-and.r C. The time required lforacompleting the polymerization reaction may be 'reduced'by the addition of a :latent ,curingacatalystthe resin composition. Onthe nontransferableacoating thus produced upon the backingssheet there is applied a thermoplastic transfer ..film. This may be done, for example, as shown in the drawing by passing the coated sheet over a supporting :roll it and under a .hopper l'l containing the film-forming composition in lfi0W.B.b1B-COI1- diti'on," by means of which: a thin continuous'film is'appliedito the coated 'backingsheet. "Thei iilm thus formed is cooled, orif soiventsare present, warmed in a hardening chamber 'l iimtilrdry, after i-WhlCh the composite transfer 'film tmay ice wound in the. roll i9.

One embodiment o'fa composite transfersheet produced according vto the present invention .is shown in Figure? The transfer sheetcoxhprises a backing sheetlfl andan intermediate thermoset coating 2| .andthe transfer .film 422 disposed over the intermediate coating. .Itlis tube understood that the backing sheet 20 may be coated .on both sides with an. intermediate thermostat nontransferable coating and provided on eachside with .a transfer film 22. The double transfer sheet thusproducedmay be utilize'diorco'atin two surfaces simultaneously or insequence. The transfernfilm may be a continuous ,Ifilm coextensive with the ..area of.the'coated backing, sheet, or itmay occupy only, predetermined areas'there- .on. The transfer film preferably has ,arthickness of from 0.0005 to 01002" and is normallynot self-supporting.

The transferring operation The operation by which the .transfenfilmv-is .transferredto thesurface to .be coatedtmayrbe effected by :heated zplatens, calender "170115, or @drums. ;In--general, thetransferfilms oftthe pres- :ent invention may be transferred at temperatures betweenlOO" C. and 160C. ,Thepressuresaemiployed :during transfer should be sufficientito cause "permanent adhesion of the transfer him .to thersurface being coated but should not be sufficient to cause too great a penetration of the :film into thersurface'for this will normally result in rupture of the film. Pressures=between .100 rand-.4.50"pounds per square inch are usuallyt suflicient. In coating open mesh fabrics, one .may use pressures as'low as 5 pounds per squareinch. The laminate-thus producedis preferablycooled --so that the transfer film 'is nontacky and ethe coatedbacking sheet then-stripped off. This will, ofcourse, necessitate stripping at a gpointfipa'ced from the point of transfer. 'Afterrstripping the transfer film may be polished, I decorated, em-

bossed, 1 coated, or otherwise treated :asrdesired.

-In Figure 3 :there. is=shown one embodiment-pf suitable means for using .the transferasheetgpro- -.duced .in accordance-with this invention. "The composite sheet: 2 3. and the flexible; sheetzmaterial '24 to be coated are passedbetween assemblyrolls 25 which permit inspectionandremovalof wrin- =kles and'then between the heated calender rolls 26 which areheated to a temperature.sufiicientwto render the transfer film 22 tachy. :Sufiicient pressure is exerted by the rolls to: adhere the *transfer filmfirmly to the flexiblesheet material 24 being coated. Thereafter the :assembled :sheet materials or laminate "so jprocluced rare passed through a cooling zone providedbvthe .chamber 21 in which "the temperature of the 1 laminate is caused to drop. so that the transfer film-isno longer tacky. The'coated backingashcet 20 then stripped from the laminate by means of'the stripping roll 28. The coating upon the backing sheet adheres to the backing sheet and strips cleanly from the transfer film. Thereafter, if desired, the sheet material 24 carrying the transfer film 22 may be passed over a polishing roll 29 which renders the surface of the transfer film smooth and glossy, after which the coated sheet material may be rolled up into the roll 30.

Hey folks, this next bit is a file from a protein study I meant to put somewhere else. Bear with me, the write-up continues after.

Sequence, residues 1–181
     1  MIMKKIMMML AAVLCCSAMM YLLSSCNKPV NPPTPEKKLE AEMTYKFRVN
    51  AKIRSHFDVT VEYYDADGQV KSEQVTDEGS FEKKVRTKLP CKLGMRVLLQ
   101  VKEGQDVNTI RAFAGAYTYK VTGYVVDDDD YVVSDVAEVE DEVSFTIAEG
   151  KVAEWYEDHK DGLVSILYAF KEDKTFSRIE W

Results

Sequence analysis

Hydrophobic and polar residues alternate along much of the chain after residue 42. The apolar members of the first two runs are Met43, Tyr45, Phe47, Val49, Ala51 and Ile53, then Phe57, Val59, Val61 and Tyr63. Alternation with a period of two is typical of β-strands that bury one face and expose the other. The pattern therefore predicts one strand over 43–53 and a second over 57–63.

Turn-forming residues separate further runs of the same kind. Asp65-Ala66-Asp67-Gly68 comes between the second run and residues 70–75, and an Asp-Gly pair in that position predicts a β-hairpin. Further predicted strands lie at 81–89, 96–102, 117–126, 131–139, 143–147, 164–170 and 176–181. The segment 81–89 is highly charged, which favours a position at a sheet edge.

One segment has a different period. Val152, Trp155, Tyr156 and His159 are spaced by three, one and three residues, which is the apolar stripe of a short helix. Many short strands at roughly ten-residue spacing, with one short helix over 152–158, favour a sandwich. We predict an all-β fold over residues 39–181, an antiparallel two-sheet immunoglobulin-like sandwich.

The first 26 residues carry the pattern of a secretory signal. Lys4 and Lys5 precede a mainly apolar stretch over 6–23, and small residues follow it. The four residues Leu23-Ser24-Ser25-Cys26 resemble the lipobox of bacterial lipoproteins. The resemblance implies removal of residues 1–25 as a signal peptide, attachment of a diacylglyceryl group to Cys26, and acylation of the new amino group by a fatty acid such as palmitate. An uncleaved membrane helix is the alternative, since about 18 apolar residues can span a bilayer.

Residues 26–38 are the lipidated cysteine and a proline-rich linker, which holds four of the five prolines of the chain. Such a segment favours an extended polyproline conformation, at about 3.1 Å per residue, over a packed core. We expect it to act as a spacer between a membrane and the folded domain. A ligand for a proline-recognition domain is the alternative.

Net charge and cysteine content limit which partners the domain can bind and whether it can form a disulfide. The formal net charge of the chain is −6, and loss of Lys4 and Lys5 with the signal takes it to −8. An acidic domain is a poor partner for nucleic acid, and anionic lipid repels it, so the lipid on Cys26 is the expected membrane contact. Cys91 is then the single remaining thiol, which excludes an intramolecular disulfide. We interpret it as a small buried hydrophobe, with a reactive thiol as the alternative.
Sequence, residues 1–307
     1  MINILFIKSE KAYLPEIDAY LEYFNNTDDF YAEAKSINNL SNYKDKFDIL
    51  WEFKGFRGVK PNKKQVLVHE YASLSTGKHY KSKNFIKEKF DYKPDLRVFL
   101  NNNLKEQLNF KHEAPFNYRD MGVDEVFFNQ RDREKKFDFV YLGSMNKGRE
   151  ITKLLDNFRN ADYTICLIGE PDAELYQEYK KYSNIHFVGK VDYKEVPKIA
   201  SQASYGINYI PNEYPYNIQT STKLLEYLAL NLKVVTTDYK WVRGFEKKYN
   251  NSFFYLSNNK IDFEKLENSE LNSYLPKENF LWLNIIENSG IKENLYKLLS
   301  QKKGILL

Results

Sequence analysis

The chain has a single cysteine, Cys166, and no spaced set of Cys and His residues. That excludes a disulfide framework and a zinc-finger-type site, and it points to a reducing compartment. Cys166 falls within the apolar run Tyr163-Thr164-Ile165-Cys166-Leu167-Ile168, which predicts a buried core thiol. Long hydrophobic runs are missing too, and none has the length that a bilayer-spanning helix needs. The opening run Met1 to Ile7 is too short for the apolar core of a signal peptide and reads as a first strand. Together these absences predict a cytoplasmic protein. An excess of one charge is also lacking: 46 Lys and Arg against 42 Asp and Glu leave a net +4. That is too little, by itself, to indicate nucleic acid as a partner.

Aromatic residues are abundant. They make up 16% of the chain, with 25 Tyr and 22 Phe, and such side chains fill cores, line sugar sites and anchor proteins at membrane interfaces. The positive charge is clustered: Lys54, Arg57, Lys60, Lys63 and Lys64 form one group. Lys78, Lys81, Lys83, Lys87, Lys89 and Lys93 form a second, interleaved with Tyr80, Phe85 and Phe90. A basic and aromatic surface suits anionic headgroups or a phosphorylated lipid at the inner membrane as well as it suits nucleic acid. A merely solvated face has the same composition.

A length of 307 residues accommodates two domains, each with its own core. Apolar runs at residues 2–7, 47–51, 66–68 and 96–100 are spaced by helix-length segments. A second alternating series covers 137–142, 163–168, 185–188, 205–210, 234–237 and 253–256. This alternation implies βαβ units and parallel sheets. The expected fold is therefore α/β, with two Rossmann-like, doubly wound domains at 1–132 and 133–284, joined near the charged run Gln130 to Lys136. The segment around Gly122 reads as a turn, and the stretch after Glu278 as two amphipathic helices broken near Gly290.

In Figure 4 there is shown a cross section of the assembled sheet materials or laminate at the point of stripping, that is, as the coated backing sheet is passed over the stripping roll 28 in the apparatus of Figure 3. The assembled sheets comprise the stripping or backing sheet 20, the intermediate nontransferable thermoset coating 2|, the transfer film 22, and the sheet 24 being coated. It will be found on stripping that the intermediate coating 2| adheres to the backing sheet 20 and strips cleanly from the transfer EXAMPLE I A smooth calendered kraft paper was coated on one side with a solution comprising parts of a urea-formaldehyde butanol ether resin in the thermoplastic stage, 3 parts of a soft alkyd resin as a plasticizer, and .05 parts of ammonium sulfate as a catalyst, all dissolved in 87 parts of butyl alcohol. The coated paper was then heated at approximately 125 C. for a suflicient time to complete the polymerization of the ureaformaldehyde resin which rendered the film infusible and nontacky. The backing sheet was thereby provided with a hard nonthermoplastic coating insoluble in organic solvents. The coated backing sheet was then coated with a film-forming composition comprising 10 parts of a composition containing 9 parts of the copolymer of vinyl chloride and vinyl acetate, 1 part methyl methacrylate resin, 0.15 parts tricresyl phosphate, 0.15 parts methyl cellosolve acetyl ricinoleate, all dissolved in 89.7 parts ethylene dichloride. Since the ureaformaldehyde coating was insoluble in the solvent used for the transfer film, it was not affected by this coating step. The coated sheet was again dried and then heated slightly to render the transfer fihn tacky. In this state it was pressed, transfer film down, on a printed paper at a temperature of approximately 154 C. and a pressure of 450 pounds per square inch for 30 seconds. The laminate was cooled to render the transfer film nontacky and the backing sheet then stripped from the composite laminate. The resulting coated paper had a dull uneven surface which was glazed by pressing against a polished metal roller. The backing sheet was found to strip cleanly from the transfer film with none of the urea-formaldehyde coating adhering to the transfer film and substantially none of the transfer film adhering to the urea-formaldehyde coating.